Publications by authors named "Aakriti R Carrubba"

12 Publications

  • Page 1 of 1

Impact of Legislation on Opioid Prescribing following Hysterectomy and Hysteroscopy in Arizona and Florida.

Gynecol Obstet Invest 2021 Oct 12:1-9. Epub 2021 Oct 12.

Division of Gynecologic Surgery, Mayo Clinic, Jacksonville, Florida, USA.

Objectives: This study aimed to determine the oral morphine equivalents (OMEs) prescribed and refill rates following hysterectomy and hysteroscopy in the setting of opioid prescribing practice changes in 2 states.

Design: This is a retrospective cohort analysis consisting of 2,916 patients undergoing hysterectomy or hysteroscopy between July 2016 and September 2019 at 2 affiliated academic hospitals in states that underwent legislative changes in opioid prescribing in 2018.

Methods: Participants were identified using the Current Procedural Terminology procedure codes in Arizona and Florida. Hysterectomy was chosen as the most invasive gynecologic procedure, while hysteroscopy was chosen as the least invasive. Medical records were abstracted to find opioid prescriptions from 90 days before surgery to 30 days after discharge. Patients with opioid use between 90 and 7 days before surgery were excluded. Prescriptions were converted to OMEs and were calculated per quarter year. Statistical analysis included Wilcoxon rank sum t tests for OMEs and χ2 t tests for refill rates. Interrupted time-series analysis was used to determine significant change in OMEs before and after legislative change. Statistical analysis was performed using SAS version 9.4 (SAS Institute, Cary, NC, USA).

Results: In Arizona, 1,067 hysterectomies were performed; 459 (43%) vaginal, 561 (52.6%) laparoscopic/robotic, and 47 (4.4%) abdominal. There were 530 hysteroscopies. Overall median OMEs decreased from 225 prior to July 2018 to 75 after July 2018 (p < 0.0001). The opioid refill rate remained unchanged at 7.4% (p = 0.966). In Florida, there were 769 hysterectomies; 241 (31.3%) vaginal, 476 (61.9%) laparoscopic/robotic, and 52 (6.8%) abdominal. There were 549 hysteroscopies. Overall median OMEs decreased from 150 prior to July 2018 to 0 after July 2018 (p < 0.0001). The opioid refill rate was similar (7.8% before July 2018 and 7.3% after July 2018; p = 0.739).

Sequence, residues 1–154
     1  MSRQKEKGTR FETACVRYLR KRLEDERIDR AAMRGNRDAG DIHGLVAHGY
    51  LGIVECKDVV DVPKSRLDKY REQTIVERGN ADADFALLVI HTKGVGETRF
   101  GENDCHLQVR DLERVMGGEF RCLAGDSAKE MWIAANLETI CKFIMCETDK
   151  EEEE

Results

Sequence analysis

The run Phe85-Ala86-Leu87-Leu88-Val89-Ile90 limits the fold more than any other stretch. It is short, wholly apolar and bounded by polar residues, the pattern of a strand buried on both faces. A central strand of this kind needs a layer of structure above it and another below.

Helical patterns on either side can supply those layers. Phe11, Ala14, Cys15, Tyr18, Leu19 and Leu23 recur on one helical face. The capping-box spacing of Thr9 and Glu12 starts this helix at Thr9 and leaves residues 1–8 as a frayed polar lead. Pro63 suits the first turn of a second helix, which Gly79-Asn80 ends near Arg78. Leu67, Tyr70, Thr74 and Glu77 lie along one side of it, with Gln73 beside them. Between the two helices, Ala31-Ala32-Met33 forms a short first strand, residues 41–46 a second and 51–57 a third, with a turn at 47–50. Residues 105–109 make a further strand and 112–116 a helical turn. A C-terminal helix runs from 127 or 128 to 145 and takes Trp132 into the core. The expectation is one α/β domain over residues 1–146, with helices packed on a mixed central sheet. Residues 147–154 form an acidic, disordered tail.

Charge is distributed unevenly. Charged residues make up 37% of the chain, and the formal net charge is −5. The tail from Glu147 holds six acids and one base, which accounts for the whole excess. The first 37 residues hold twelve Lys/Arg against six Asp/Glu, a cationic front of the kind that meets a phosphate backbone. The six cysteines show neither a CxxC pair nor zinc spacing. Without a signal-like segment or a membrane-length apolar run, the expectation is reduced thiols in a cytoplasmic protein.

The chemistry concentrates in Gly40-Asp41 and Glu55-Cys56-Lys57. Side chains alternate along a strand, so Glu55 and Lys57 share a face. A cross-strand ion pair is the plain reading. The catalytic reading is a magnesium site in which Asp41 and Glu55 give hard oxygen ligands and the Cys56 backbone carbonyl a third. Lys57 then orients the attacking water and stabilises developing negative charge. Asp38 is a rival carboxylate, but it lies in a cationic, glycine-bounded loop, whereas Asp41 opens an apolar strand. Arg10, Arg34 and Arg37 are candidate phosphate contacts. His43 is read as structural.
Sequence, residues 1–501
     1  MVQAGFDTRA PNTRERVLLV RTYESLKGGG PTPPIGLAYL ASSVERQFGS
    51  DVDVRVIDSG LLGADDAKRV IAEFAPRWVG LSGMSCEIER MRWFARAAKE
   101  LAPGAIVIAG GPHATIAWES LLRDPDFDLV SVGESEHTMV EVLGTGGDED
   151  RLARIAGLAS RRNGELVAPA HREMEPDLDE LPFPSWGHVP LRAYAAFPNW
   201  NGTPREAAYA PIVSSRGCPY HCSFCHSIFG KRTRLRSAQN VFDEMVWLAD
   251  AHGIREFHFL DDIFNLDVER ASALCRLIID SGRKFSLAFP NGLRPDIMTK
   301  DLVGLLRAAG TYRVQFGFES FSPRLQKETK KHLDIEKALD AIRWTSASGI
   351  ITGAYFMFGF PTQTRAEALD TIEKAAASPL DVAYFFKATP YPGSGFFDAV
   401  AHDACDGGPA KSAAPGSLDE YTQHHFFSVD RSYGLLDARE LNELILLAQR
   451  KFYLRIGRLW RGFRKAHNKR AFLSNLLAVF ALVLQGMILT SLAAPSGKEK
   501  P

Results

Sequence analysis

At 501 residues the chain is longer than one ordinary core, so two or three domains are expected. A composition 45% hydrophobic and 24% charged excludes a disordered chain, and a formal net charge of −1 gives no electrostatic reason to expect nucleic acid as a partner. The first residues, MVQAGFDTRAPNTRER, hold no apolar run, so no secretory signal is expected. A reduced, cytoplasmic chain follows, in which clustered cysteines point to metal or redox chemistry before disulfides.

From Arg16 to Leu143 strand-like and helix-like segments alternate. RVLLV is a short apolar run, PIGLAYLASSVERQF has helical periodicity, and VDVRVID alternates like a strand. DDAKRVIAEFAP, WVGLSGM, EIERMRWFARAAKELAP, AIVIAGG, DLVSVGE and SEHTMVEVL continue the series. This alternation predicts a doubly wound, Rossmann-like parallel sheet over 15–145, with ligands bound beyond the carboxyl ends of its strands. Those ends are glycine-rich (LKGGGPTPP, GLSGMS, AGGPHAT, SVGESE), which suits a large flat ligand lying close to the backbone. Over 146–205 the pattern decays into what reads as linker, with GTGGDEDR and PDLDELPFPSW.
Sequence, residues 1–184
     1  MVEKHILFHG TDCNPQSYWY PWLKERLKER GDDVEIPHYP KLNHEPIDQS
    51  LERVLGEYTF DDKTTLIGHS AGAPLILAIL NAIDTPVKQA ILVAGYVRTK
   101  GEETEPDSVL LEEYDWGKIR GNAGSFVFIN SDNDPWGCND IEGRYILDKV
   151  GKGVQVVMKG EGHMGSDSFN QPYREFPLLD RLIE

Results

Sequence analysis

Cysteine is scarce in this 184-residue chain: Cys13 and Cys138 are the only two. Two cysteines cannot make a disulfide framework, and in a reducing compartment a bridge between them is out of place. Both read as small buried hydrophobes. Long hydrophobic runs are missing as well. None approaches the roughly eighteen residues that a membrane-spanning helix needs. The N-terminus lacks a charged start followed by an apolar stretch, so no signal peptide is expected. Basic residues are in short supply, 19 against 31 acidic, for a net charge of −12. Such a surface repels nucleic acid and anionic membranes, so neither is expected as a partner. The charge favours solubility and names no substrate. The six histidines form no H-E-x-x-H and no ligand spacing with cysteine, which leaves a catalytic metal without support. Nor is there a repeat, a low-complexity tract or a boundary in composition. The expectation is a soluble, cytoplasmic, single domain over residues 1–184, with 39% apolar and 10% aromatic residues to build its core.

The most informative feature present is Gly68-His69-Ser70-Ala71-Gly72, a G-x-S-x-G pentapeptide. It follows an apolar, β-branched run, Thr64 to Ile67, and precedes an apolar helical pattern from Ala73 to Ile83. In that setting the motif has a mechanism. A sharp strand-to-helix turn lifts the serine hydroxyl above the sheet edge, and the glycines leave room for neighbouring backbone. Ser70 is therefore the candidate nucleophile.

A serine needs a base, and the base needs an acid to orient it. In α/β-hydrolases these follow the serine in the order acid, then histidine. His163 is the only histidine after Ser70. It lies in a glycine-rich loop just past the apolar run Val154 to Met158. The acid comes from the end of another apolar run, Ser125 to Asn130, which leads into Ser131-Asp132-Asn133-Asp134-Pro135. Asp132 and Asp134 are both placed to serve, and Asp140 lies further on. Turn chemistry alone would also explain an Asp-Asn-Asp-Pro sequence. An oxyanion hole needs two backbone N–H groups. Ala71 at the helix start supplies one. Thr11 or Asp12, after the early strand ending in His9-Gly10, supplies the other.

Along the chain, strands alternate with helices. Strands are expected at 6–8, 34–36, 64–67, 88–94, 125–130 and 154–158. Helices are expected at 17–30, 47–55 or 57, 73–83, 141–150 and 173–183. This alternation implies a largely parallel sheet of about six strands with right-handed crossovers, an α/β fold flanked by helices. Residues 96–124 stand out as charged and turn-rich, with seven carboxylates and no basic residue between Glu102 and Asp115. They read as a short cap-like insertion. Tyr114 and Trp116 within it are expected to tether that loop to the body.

Limitations: Limitations include involvement of a single hospital institution with a total of 10 fellowship-trained surgeons and biases inherent to retrospective study design.

Conclusions: Legislative and provider-led changes coincided with decreases in opioid prescribing after 2018 in both states without increasing rates of refills and showed actual data reflected in the medical record. Gynecologists must actively participate in safe prescribing practices to decrease opioid dependence and misuse.
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http://dx.doi.org/10.1159/000519517DOI Listing
October 2021

Association of coccygodynia with pelvic floor symptoms in women with pelvic pain.

PM R 2021 Sep 17. Epub 2021 Sep 17.

Department of Medical and Surgical Gynecology, Mayo Clinic, Jacksonville, Florida, USA.

Background: Coccygodynia is a painful condition of the tailbone that occurs more commonly in females. The association of coccyx pain with pelvic floor symptoms and the prevalence of coccyx pain in women with pelvic pain has not previously been reported.

Objective: To identify the prevalence of coccygodynia in women with pelvic pain and to describe the association of coccygodynia with pelvic floor examination findings and symptoms.

Design: Retrospective cohort analysis.

Setting: Tertiary medical institution.

Participants: One hundred twenty-seven women presenting for outpatient pelvic floor physical therapy treatment who underwent vaginal and rectal pelvic floor examination.

Main Outcome Measures: Prevalence of coccygodynia, pain scores, association of coccygodynia with other comorbidities and diagnoses, and association of coccygodynia with physical examination findings.